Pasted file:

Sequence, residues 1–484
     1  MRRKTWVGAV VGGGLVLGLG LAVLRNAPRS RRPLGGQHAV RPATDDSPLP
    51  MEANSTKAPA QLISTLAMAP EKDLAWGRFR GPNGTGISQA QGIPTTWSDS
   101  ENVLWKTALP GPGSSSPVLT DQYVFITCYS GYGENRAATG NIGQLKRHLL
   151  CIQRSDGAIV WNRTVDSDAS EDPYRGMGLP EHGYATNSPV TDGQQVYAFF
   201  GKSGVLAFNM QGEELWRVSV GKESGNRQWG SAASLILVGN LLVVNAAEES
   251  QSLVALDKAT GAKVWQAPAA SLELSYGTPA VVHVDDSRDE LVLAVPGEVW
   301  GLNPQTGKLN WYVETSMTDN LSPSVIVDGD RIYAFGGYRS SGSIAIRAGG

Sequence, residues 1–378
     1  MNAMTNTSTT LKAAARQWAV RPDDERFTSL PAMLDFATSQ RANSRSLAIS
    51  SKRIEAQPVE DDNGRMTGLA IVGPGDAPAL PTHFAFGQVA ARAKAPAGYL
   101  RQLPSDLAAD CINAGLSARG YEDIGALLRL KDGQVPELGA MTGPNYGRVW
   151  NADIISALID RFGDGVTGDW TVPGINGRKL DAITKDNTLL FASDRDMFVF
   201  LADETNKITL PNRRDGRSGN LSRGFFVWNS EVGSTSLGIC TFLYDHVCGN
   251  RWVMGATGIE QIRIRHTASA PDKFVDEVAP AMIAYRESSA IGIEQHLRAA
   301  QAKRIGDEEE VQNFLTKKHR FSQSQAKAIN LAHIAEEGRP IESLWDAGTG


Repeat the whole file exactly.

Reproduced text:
Sequence, residues 1–484
     1  MRRKTWVGAV VGGGLVLGLG LAVLRNAPRS RRPLGGQHAV RPATDDSPLP
    51  MEANSTKAPA QLISTLAMAP EKDLAWGRFR GPNGTGISQA QGIPTTWSDS
   101  ENVLWKTALP GPGSSSPVLT DQYVFITCYS GYGENRAATG NIGQLKRHLL
   151  CIQRSDGAIV WNRTVDSDAS EDPYRGMGLP EHGYATNSPV TDGQQVYAFF
   201  GKSGVLAFNM QGEELWRVSV GKESGNRQWG SAASLILVGN LLVVNAAEES
   251  QSLVALDKAT GAKVWQAPAA SLELSYGTPA VVHVDDSRDE LVLAVPGEVW
   301  GLNPQTGKLN WYVETSMTDN LSPSVIVDGD RIYAFGGYRS SGSIAIRAGG

Sequence, residues 1–378
     1  MNAMTNTSTT LKAAARQWAV RPDDERFTSL PAMLDFATSQ RANSRSLAIS
    51  SKRIEAQPVE DDNGRMTGLA IVGPGDAPAL PTHFAFGQVA ARAKAPAGYL
   101  RQLPSDLAAD CINAGLSARG YEDIGALLRL KDGQVPELGA MTGPNYGRVW
   151  NADIISALID RFGDGVTGDW TVPGINGRKL DAITKDNTLL FASDRDMFVF
   201  LADETNKITL PNRRDGRSGN LSRGFFVWNS EVGSTSLGIC TFLYDHVCGN
   251  RWVMGATGIE QIRIRHTASA PDKFVDEVAP AMIAYRESSA IGIEQHLRAA
   301  QAKRIGDEEE VQNFLTKKHR FSQSQAKAIN LAHIAEEGRP IESLWDAGTG